>What you should know about Vitamin D

9 06 2010

>You may be surprised to learn that active vitamin D is actually a hormone. Vitamin D receptors have been found in the brain, heart, skin, and white blood cells. The reproductive organs such as the ovaries, breasts, testes, and prostate gland also contain vitamin D receptors.

Vitamin D performs several functions in your body. It has long been known that vitamin D regulates calcium and phosphorous in the bloodstream and promotes bone formation and mineralization. New research is revealing the role vitamin D plays in the immune system. For example, vitamin D enhances phagocytosis, a process by which certain white blood cells engulf bacteria, dead cells, and other debris. Vitamin D also plays a role in preventing autoimmune diseases. Low vitamin D has been associated with rheumatoid arthritis, lupus, Crohn’s disease, ulcerative colitis, multiple sclerosis, psoriasis, and fibromyalgia. People who suffer from muscle and chronic pain, psoriasis, heart disease, and breast, prostate, and colon cancers are also more likely to have low vitamin D levels.

Perhaps the most exciting research about vitamin D is its ability to prevent some cancers. Vitamin D appears to play a role in cell proliferation (division) and differentiation (making sure dividing cells don’t become cancerous cells). In addition, vitamin D is involved in proper death of unhealthy or old cells, a process known as “apoptosis,” and in the prevention of blood vessel formation to feed existing cancers, known as “angiogenesis.”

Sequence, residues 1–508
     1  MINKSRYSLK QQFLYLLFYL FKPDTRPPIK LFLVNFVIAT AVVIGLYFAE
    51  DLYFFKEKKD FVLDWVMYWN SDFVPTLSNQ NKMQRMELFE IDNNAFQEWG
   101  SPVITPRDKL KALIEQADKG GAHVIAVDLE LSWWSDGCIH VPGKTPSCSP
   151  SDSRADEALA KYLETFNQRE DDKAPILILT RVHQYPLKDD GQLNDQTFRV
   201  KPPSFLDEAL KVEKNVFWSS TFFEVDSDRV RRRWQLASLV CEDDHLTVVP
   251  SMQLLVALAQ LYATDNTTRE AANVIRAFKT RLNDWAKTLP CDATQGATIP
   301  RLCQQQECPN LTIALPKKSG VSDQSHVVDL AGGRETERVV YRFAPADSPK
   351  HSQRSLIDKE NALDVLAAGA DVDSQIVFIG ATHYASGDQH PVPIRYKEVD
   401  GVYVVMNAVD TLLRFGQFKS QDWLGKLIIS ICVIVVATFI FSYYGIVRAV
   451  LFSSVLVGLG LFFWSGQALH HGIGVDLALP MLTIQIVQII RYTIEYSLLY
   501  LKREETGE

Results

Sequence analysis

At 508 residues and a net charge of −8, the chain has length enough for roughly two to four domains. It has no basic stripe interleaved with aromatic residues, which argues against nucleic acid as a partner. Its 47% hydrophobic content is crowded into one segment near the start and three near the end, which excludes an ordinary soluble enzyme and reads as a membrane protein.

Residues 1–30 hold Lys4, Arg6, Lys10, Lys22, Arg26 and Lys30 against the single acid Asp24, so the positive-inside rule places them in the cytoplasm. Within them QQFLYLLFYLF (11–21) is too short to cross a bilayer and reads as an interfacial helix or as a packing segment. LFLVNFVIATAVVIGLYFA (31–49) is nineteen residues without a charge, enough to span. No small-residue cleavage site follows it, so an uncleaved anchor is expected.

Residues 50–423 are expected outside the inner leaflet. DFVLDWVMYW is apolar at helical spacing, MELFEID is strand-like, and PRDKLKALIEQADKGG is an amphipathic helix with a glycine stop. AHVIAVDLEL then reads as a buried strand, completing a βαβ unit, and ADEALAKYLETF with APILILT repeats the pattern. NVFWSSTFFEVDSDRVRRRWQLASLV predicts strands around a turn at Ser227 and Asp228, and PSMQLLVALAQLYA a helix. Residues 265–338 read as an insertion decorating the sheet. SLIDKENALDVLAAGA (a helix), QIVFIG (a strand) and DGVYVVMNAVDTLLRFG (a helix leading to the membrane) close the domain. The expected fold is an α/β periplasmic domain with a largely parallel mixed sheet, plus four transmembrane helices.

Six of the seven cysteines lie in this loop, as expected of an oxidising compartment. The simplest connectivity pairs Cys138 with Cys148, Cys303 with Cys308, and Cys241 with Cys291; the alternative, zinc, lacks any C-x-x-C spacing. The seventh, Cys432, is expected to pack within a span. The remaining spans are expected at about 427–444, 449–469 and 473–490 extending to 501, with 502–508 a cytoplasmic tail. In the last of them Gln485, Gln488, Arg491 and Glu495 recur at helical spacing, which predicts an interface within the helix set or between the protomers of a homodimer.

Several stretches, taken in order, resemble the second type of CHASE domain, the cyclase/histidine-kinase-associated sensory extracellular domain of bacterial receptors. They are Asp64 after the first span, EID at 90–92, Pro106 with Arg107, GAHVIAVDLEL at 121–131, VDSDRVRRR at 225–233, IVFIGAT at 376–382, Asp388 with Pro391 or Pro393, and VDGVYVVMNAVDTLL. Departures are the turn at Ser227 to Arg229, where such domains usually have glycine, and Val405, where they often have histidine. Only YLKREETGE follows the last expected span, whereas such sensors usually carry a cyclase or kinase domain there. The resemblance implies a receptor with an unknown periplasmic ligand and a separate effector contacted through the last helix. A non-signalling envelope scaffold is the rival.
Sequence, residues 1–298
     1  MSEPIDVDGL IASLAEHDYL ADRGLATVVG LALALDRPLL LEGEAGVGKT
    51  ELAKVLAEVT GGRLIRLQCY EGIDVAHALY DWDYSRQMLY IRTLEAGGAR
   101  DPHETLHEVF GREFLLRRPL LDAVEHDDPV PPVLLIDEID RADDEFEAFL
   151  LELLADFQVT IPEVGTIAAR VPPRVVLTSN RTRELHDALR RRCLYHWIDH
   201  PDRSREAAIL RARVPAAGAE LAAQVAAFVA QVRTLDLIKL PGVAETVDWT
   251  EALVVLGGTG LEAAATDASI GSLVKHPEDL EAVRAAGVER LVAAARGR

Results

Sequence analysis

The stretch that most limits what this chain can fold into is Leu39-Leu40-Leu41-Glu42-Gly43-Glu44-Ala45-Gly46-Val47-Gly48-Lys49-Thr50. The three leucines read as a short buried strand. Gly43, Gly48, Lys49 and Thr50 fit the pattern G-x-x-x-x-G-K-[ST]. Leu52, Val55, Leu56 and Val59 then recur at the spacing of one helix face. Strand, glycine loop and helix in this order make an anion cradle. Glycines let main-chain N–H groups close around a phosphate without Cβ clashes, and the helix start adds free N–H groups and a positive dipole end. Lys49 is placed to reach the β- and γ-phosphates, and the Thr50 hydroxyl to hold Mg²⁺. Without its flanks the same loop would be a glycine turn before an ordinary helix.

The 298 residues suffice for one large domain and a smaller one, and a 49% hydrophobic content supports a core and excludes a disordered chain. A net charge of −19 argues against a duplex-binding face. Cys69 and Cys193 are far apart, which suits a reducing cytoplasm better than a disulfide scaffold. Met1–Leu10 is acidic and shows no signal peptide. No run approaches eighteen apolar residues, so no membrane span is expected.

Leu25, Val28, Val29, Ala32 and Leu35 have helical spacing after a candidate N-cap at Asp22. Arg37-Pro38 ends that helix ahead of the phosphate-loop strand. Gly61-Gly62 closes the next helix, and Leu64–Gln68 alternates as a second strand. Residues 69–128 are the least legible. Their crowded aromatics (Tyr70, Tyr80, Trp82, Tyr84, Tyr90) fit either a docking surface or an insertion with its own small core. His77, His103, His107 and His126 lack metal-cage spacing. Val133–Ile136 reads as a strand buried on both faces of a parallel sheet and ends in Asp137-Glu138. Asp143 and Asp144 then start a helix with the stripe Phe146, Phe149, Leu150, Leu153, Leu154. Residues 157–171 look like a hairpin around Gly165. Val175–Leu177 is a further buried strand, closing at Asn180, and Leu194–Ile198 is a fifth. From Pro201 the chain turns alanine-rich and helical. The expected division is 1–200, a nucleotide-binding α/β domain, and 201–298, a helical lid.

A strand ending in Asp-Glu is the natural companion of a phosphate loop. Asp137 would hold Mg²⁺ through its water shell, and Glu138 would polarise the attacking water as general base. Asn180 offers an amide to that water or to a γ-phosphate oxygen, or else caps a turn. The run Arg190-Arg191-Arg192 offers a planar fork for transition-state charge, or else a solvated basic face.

The first randomized, placebo-controlled trial evaluating vitamin D supplementation and the incidence of cancer was published, in 2007—in that study, women using 1100 IU of vitamin D3 daily for 4 years had a 60% lower cancer risk than the placebo group. When patients who were diagnosed with cancer during the first year of the study were excluded (with the assumption that they likely had cancer when they entered the study), the reduction was 77%. This is exciting news since there aren’t many supplements that have been shown to lower cancer risk by such a large margin.

Vitamin D is also an important anti-aging hormone since it actually slows the shortening of your telomeres —the end segments of chromosomes that protect your DNA. Optimal vitamin D levels are thought to slow your speed of aging by at least 5 years.

Your skin makes vitamin D from exposure to the sun. As you age, however, your skin becomes less able to make vitamin D. When taking vitamin D, it’s important to measure and monitor vitamin D levels closely. Too much vitamin D can cause calcification of soft tissues and an increased risk of kidney stones. It’s especially important to monitor your levels if you are supplementing with doses greater than 2,000 IU of D3 per day.

You can find additional information about Vitamin D3, Hormones, and Optimal Aging please visit my website or purchase a copy of my new book by calling our office.

In Health.

Dr. Kathryn Retzler